Al-Qaeda’s Revenge

Title:                      Al-Qaeda’s Revenge

Author:                 Fernando Reinares

Reinares, Fernando (2016). Al-Qaeda’s Revenge: The 2004 Madrid Train Bombings. Washington, DC: Woodrow Wilson Center Press; New York: Columbia University Press

LCCN:    2016043284

HV6433.S7 R4513 2016

Date Posted:      December 6, 2017

Reviewed by Hayden B. Peake[1]

Fernando Reinares is the director of the Program on Global Terrorism at the Elcano Royal Institute and professor of political science and security studies at the Universidad Rey Juan Carlos, both in Madrid. The focus of his research is on individual jihadists, their motivations, and the networks that link them. In Al-Qaeda’s Revenge, he tells how those responsible for bombing commuter trains near Madrid on 11 March 2004, killing 191 people and wounding 1841, were identified as part of the global threat from al-Qa`ida’s jihadist terrorism.

Immediately after the 3/11 bombings, the government blamed ETA (Euskadi to Askatasuna), the Basque separatist organization in Spain. An investigation soon discredited this conclusion and blamed the attack on local radicals who had little or no connection to an outside organization. Mr. Reinares’ analysis, however, disproved this result and established that the attacks were conducted by a coalition of several terror groups under al-Qa`ida’s direction.

The original Qa`ida cell in Spain was created in 1994 (p. 8) and it helped the 9/11 attackers in the planning phase. Most but not all of them were arrested by Spanish authorities after 9/11;.the group’s leader, Abu Dandah and at least four others remained ,at large. (p. 9) In the first part of Al-Qaeda’s Revenge, Mr. Reinares shows how the remnants formed links with groups from Algeria and Morocco to create the 3/11 network. Part 2 discusses why Spain was selected, the decisionmakers—Abu Dandah and others involved, the connection between the 3/11 network and the al-Qa`ida command center in Pakistan, why the 3/11 bombings did not constitute a suicide attack (though some involved later martyred themselves) and the social and political consequences of the bombings.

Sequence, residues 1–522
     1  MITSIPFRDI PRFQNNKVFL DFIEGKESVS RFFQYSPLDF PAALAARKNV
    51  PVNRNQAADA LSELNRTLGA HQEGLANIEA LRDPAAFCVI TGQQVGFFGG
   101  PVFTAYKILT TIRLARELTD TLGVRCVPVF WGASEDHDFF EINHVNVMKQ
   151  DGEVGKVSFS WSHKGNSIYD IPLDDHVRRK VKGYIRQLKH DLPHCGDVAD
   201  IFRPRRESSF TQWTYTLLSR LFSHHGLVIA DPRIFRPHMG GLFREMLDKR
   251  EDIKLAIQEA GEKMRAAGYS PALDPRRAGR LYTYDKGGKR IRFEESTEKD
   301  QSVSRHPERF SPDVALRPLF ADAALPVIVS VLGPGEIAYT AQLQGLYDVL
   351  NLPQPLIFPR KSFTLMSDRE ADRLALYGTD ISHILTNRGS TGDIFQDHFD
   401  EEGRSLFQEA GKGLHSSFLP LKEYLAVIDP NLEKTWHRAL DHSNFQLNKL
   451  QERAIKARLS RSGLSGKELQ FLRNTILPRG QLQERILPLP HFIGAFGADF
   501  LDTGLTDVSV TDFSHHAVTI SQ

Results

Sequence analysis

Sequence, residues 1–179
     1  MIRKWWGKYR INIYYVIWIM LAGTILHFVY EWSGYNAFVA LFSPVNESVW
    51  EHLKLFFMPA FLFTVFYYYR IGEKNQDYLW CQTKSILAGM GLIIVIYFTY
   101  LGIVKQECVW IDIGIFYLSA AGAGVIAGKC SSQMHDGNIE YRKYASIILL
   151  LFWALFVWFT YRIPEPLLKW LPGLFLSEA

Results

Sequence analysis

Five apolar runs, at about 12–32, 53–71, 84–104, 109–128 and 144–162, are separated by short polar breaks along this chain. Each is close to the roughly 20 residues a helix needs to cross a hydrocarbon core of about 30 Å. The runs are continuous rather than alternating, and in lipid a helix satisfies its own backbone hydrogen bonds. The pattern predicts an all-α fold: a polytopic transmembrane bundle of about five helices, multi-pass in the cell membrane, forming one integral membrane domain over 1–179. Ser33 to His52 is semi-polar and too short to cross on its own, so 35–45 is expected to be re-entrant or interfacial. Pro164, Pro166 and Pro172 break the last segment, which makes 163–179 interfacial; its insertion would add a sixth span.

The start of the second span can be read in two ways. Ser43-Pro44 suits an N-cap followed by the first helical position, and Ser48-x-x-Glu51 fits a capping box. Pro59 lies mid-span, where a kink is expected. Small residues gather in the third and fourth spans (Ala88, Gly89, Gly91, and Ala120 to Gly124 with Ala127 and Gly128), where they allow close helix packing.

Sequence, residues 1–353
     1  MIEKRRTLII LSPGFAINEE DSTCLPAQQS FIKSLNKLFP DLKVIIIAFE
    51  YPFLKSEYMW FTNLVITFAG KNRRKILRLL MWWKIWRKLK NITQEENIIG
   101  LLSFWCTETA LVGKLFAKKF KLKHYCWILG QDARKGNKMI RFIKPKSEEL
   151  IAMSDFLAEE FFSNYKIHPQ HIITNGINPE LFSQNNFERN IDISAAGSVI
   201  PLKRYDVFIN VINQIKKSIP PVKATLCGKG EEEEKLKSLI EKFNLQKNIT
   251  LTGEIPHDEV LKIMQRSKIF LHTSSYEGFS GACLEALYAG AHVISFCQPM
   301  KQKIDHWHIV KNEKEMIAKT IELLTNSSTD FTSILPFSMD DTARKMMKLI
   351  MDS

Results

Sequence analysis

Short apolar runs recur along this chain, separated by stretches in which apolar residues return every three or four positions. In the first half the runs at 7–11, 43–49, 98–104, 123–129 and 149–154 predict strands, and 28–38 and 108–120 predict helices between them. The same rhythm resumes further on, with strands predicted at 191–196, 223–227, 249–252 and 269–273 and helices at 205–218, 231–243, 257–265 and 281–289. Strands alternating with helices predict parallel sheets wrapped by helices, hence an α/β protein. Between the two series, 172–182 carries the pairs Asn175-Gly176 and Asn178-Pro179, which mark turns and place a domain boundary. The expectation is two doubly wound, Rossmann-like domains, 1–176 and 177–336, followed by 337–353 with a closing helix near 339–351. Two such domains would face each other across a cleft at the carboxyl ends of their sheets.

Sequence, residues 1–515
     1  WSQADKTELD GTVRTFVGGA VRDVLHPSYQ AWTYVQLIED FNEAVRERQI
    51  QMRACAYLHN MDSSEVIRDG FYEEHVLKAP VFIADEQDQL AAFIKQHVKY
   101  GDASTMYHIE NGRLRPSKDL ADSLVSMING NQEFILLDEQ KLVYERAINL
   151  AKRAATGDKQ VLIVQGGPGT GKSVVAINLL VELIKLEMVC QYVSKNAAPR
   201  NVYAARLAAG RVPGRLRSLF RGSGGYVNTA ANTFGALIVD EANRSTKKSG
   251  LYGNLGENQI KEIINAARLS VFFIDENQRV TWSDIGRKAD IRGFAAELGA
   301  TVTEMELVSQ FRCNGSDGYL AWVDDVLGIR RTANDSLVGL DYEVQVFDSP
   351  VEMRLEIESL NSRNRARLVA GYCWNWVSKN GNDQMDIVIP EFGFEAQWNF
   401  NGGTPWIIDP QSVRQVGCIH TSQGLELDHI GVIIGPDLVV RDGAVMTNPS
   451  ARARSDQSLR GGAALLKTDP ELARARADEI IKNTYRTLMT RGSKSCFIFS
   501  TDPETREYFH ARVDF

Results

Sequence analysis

Al-Qaeda’s Revenge also describes the bombers’ connections in London, Milan, Belgium, and Indonesia, as well as what happened to those who left Spain after 3/11. The intent of al-Qa`ida’s global ambitions and the complexity of its worldwide structure becomes apparent as Mr. Reinares names the many participants and examines their relationships. He also discusses the intelligence exchanges between US and Spanish authorities as each worked to track the terrorists involved. (pp. 91-92)

In his foreword to Al-Qaeda’s Revenge, former CIA officer Bruce Riedel, now with the Brookings Institution, characterizes the book as “one of the most important … written on the subject of radical Islamic terrorism in Europe and North America since 9/11.” (p. xiv) Riedel gives it high marks for the depth of research, the quality of analysis, and the accuracy of its often complex results. Right on all counts.

[1] Peake, Hayden in The Intelligencer: Journal of U.S. Intelligence Studies (23, 2 Fall 2017, p. 115). Hayden Peake is the Curator of the CIA’s Historical Intelligence Collection. He has served in the Directorate of Science and Technology and the Directorate of Operations. Most of these reviews appeared in recent unclassified editions of CIA’s Studies in Intelligence, Other reviews and articles may be found online at

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